Paying Into Pensions: Why one pastor is grateful for his long-term investments

When Rev. Aaron Wheaton, retired Elder, began his ministry in 1974, retirement was far from his mind. But like most other clergy in The United Methodist Church, Aaron was required to participate in the United Methodist pension program. As he and his wife, Cynthia, welcomed and raised their two sons, Isaac and Andrew, increased expenses sometimes made it difficult to pay into their pension.

Aaron recalled, “Even when we were just starting out, we began to contribute to our part of the pension. It was very difficult at the time because funds were tight.”

“Since I was the one that paid the bills early on, saw the funds going out toward the pension, Cynthia added. “I was, unfortunately, very resentful toward that, not realizing the foresight that the denomination had.”

Now that they are retired, the Wheatons feel differently about the pension. Aaron explains, “We know of a lot of pastors who, when they retire, have nothing. We take for granted, almost, that there is money coming into our account each month. That’s not a worry in our lives now.”

Aaron is thankful for those years supporting the pension, and he has appreciated the guidance his pension has offered on investments over the years.

Wespath Benefits and Investments (formerly The General Board of Pension and Health Benefits), the INUMC pension plan administrator, directs participants in sustainable investing that is aligned with their values to produce positive social impact along with improved fund performance.

“When 2008 hit, the big crash occurred. We lost some money, but not like others who only invested in the stock market. Ours was well-balanced,” Aaron said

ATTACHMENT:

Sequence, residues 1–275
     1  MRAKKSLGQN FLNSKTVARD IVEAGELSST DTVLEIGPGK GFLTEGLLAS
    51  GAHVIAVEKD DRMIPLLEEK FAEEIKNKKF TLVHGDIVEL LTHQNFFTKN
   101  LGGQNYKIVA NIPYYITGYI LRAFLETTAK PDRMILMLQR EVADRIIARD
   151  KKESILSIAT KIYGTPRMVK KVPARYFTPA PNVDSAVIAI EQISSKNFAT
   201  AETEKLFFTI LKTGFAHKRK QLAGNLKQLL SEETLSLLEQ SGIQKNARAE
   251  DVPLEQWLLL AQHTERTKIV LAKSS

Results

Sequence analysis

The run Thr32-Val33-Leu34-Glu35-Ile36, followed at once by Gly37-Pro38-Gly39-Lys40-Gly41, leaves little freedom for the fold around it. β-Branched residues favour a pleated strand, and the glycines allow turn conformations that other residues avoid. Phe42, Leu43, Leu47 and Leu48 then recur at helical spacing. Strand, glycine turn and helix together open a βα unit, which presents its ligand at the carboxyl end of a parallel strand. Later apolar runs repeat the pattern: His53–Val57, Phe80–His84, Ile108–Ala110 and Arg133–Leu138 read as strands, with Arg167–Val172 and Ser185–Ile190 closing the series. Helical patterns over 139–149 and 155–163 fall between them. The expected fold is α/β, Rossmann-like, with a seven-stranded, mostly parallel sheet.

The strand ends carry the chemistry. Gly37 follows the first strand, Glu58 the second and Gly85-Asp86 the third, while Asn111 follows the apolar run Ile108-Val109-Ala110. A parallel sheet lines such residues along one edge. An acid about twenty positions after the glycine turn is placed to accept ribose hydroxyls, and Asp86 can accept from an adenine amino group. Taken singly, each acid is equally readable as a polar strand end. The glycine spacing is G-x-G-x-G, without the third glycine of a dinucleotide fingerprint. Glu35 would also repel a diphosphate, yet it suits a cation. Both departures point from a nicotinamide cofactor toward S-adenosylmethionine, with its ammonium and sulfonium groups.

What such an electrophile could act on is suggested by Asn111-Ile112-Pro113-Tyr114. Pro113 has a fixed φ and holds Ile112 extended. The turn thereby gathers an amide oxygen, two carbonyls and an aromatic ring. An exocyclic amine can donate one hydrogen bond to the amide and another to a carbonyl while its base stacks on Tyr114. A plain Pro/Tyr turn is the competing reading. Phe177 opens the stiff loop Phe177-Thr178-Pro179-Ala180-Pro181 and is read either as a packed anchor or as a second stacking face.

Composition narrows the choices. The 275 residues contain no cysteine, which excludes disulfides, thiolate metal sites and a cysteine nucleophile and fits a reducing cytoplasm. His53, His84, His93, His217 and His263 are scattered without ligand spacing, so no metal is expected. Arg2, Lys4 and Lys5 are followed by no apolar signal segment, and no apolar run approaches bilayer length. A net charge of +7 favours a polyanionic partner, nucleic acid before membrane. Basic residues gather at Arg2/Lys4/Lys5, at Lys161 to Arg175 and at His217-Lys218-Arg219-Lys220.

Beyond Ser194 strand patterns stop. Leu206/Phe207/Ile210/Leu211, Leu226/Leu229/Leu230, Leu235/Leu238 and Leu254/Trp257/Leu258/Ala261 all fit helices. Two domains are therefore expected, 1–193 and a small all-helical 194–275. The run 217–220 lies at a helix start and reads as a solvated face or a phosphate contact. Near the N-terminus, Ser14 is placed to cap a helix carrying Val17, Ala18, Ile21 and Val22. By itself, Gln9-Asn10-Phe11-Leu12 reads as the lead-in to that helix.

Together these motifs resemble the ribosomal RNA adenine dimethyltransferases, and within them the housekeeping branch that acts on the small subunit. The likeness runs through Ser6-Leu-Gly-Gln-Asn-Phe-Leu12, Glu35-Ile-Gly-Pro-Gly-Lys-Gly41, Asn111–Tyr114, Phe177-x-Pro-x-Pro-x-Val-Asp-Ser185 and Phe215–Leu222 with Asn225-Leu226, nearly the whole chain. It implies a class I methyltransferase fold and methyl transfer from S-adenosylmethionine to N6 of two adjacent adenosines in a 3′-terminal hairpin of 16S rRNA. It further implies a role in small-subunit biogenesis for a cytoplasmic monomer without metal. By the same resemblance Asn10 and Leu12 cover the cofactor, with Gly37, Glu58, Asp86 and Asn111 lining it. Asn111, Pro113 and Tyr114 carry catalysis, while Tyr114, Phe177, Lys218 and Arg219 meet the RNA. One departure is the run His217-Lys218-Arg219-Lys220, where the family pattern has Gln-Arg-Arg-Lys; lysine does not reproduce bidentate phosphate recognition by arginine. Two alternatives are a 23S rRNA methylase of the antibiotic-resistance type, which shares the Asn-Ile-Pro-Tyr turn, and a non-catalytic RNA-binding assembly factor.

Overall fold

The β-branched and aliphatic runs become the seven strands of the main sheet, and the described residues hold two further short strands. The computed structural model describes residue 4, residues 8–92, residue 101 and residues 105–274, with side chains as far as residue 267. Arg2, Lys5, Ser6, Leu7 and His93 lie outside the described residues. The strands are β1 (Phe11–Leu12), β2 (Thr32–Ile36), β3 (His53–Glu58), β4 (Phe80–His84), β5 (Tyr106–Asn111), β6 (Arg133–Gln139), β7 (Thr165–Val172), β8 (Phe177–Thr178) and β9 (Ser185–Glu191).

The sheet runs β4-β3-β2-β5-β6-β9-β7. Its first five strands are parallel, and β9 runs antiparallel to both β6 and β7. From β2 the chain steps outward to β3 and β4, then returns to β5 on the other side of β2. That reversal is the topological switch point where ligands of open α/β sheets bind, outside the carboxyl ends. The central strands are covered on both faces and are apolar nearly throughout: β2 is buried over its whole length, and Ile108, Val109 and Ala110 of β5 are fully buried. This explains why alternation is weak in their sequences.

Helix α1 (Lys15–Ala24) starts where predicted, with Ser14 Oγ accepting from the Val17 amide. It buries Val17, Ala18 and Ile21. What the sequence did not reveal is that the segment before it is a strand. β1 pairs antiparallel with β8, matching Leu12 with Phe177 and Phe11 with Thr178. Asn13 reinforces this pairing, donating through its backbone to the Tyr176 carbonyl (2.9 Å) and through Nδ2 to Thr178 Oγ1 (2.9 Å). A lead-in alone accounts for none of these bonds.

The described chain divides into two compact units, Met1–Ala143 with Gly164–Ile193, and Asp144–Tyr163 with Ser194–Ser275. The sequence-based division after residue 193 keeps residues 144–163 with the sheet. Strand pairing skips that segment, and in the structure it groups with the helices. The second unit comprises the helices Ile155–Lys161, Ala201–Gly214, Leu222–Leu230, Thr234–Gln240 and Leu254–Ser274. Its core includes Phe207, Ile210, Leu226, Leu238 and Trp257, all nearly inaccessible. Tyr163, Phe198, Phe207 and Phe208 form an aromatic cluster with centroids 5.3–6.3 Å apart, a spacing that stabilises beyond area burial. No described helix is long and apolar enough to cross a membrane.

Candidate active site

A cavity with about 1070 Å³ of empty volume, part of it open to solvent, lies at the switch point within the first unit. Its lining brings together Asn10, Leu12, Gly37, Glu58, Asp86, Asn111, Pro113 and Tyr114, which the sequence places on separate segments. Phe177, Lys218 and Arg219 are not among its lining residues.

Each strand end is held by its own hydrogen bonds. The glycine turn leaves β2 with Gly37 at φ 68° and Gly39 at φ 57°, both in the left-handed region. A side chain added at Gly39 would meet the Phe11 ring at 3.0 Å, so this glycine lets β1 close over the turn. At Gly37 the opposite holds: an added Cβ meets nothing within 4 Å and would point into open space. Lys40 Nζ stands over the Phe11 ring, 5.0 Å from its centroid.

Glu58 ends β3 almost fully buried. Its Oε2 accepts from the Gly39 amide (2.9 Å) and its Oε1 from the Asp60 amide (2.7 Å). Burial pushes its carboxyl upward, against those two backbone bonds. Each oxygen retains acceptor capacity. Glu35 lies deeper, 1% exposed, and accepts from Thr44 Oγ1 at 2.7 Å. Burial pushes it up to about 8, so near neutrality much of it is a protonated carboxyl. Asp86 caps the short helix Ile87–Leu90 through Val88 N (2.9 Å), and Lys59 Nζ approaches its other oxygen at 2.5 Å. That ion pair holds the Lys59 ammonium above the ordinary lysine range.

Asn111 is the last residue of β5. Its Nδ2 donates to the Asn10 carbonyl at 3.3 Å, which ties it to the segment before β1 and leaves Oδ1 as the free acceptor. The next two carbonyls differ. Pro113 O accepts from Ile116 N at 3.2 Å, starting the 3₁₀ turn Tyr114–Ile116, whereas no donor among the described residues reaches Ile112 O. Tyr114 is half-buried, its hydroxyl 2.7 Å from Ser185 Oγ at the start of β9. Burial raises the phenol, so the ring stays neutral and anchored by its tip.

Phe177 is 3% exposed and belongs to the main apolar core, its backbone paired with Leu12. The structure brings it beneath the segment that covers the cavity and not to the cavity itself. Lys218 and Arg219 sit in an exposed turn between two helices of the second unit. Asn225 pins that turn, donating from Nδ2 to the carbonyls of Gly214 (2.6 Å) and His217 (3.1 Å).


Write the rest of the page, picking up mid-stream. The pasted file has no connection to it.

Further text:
The Wheatons are also grateful to help missionaries through their participation in the pension program.
“We are able to support missionaries that are struggling and young couples that are at a level where we were when we came out of seminary.” Cynthia said.

The Wheaton’s son, Andrew, is currently serving as a missionary in Chile, South America, with his family.

“We look forward to traveling there to see them,” said Cynthia. “We do enjoy traveling, and we enjoy mission trips, so those are all part of our retirement. And because of our pension, we have the funds to do it.

If you are interested in learning more about Wespath’s sustainable investments and the services they provide, please visit

Wespath Benefits and Investments

Wespath has been serving The United Methodist Church for over 100 years. It is the largest reporting faith-based pension fund in the United States, serving more than 100,000 active and retired clergy and lay emplovees of the Church. As a sustainable investor, Wespath incorporates consideration of environmental, social and governance factors in their investment decision-making and aspires to make a positive impact on the environment and society.